BOOK REVIEW: The Bonds We Share by Dr. Glenn Losack
Glenn Losack most definitely has the good eye that makes a photographer a photographer. No idea, how many shots he needed to come up with these pics but the ones he selected for this book are truly outstanding. I for one was most intrigued by how many of the portrayed looked straight into the camera, the special chemistry between photographer and the ones photographed is apparent.
“The Bonds We Share” is divided into chapters entitled Devotion, Inheritance, Journey, Pasttime, Connection, Resilience, and Community. The 240 photographs were taken in “India, the Dominican Republic, Bangladesh, Cambodia, Morocco, Peru, Tunisia, Sri Lanka, Egypt, the United States, Eastern Europe, and elsewhere.” Many of these shots I thought incredibly captivating – the smiling girl, for instance, on page 27, or the couple in front of their home on page 111, or the people resting on a bench on page 242 … I could go on and on and on …. This is most definitely the work of a master of the stunning snapshot.
In addition, I thought the captions most useful. One not only learns where the pictures were taken but, at times, is also given background information that makes one see with different eyes what one’s looking at. One of the images that had a lasting effect on me showed a closed coffin and a man lying next to it; the caption read: “A man with carpenter tools sleeps next to a coffin. The saying goes that if someone builds their own coffin, they have to lie in it: they’ve gotten themselves into a bad situation. This man was merely napping in the daytime heat oh Phnom Penh.”
“The Bonds We Share” is also a document of the different ways people go about their lives. Men fish on stilts in Sri Lanka, young children tend goats in Egypt, a child is being washed by his mother in India, pilgrims visit Varanasi, a woman selling coconuts in Ho Chi Minh City, men sell garlands from marigolds outside of a temple in India. And and and …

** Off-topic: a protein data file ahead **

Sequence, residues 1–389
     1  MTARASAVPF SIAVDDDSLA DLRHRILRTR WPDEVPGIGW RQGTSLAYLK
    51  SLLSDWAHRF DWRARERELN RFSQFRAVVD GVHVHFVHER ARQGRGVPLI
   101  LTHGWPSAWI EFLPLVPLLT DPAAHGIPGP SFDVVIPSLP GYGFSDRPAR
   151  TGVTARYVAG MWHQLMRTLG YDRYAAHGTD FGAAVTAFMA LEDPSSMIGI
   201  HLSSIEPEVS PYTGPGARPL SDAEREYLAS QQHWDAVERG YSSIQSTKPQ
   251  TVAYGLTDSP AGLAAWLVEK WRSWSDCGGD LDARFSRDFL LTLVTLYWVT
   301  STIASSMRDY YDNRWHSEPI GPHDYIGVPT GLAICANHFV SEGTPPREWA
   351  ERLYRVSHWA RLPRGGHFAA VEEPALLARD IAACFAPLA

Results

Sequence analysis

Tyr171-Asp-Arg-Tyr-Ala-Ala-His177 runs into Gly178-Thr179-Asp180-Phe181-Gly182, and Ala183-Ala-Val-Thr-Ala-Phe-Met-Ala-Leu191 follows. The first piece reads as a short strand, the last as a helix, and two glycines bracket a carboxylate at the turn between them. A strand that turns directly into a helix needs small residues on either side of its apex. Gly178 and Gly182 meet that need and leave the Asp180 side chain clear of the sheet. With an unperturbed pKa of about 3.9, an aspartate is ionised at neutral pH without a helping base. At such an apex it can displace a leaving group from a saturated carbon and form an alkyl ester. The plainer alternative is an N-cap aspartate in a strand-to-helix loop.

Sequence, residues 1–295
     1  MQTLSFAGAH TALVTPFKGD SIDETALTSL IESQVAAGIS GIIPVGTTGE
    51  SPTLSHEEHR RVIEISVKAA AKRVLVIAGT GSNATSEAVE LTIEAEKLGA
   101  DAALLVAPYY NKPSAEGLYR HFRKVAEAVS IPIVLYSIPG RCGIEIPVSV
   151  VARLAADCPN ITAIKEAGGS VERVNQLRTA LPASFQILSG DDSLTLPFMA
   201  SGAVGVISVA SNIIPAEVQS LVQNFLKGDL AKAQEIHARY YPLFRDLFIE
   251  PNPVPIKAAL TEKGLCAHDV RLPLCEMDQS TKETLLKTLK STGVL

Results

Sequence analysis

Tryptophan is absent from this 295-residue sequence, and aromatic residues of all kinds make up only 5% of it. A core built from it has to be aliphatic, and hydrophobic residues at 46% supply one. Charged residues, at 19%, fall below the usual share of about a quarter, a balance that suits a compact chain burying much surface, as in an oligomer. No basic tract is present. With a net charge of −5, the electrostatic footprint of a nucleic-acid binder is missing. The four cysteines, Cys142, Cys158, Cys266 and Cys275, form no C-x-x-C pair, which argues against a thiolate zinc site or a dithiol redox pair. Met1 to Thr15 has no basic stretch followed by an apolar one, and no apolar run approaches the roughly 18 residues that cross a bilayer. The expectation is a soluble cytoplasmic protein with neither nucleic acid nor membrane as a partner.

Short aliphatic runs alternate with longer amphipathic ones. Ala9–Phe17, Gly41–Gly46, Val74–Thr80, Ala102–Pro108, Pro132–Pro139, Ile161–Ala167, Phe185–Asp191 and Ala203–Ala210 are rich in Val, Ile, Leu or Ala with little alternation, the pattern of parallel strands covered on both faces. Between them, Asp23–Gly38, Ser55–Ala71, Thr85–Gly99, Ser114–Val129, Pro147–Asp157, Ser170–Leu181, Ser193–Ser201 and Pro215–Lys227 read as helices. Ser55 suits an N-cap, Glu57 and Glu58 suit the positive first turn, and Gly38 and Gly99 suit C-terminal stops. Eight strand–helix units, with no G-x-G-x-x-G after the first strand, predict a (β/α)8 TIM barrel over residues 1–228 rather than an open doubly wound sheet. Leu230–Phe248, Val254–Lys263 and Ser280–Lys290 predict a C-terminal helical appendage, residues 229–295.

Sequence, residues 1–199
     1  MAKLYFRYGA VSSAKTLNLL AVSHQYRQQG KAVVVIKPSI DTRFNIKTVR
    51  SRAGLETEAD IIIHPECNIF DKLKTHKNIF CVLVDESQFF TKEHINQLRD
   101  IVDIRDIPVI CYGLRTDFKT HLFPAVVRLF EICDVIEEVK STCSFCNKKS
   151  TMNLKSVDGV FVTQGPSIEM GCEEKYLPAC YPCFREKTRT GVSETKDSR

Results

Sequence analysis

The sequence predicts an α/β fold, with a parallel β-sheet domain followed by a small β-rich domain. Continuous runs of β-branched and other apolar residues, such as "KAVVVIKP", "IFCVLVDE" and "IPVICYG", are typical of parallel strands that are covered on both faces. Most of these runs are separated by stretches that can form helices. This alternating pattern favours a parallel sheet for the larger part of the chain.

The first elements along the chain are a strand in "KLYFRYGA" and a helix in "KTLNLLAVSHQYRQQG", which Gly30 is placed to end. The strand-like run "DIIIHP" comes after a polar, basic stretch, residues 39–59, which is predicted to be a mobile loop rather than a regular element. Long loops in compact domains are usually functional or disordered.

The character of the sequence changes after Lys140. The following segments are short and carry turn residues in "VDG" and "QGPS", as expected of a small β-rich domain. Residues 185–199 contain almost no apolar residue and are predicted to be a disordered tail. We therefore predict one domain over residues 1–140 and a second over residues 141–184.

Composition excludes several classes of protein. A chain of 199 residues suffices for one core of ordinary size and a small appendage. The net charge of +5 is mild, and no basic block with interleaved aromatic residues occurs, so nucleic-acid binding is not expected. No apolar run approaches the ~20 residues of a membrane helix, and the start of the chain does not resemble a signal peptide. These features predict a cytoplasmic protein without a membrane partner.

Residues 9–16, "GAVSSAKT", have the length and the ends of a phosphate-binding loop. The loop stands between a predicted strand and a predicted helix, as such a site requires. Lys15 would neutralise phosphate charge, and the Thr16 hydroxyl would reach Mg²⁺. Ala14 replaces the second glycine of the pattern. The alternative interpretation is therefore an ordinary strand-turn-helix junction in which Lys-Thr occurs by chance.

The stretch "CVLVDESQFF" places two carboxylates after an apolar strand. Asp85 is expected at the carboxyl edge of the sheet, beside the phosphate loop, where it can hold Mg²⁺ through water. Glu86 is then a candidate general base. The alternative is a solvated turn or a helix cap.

I must admit I’m doubtful that this very well-done coffee-table book by “photography’s new conscience” (Really? Since when does photography have a conscience?) does what it claims to do: “reveal an essential truth: we may come from different cultures, far-ranging geographic corners, belief systems, and economic circumstances, but we all share the same desire to work hard, raise families, and lead fulfilling lives.” And while I do agree that to focus on our commonality is not only a good thing but essentially useful, I for one do have no desire to work hard and I’m not sure that many others have such desires. The problem however is that photographs, these two-dimensional reductions of a three-dimensional reality, that neither taste nor smell, cannot reveal truth.
What photographs however can do is to show the photographer’s preferences for he has chosen what he wanted to record. Looking with his in mind at “The Bonds We Share” reveals an impressive ability to detect humanness in pretty much everything. No preconceived ideas motivated the choice to frame such a variety of human expressions, it seems to me, but readiness for the moment.
The Bonds We Share: Images of Humanity, 40 Years Around the Globe
by Dr. Glenn Losack
Apollo Publishers 2021
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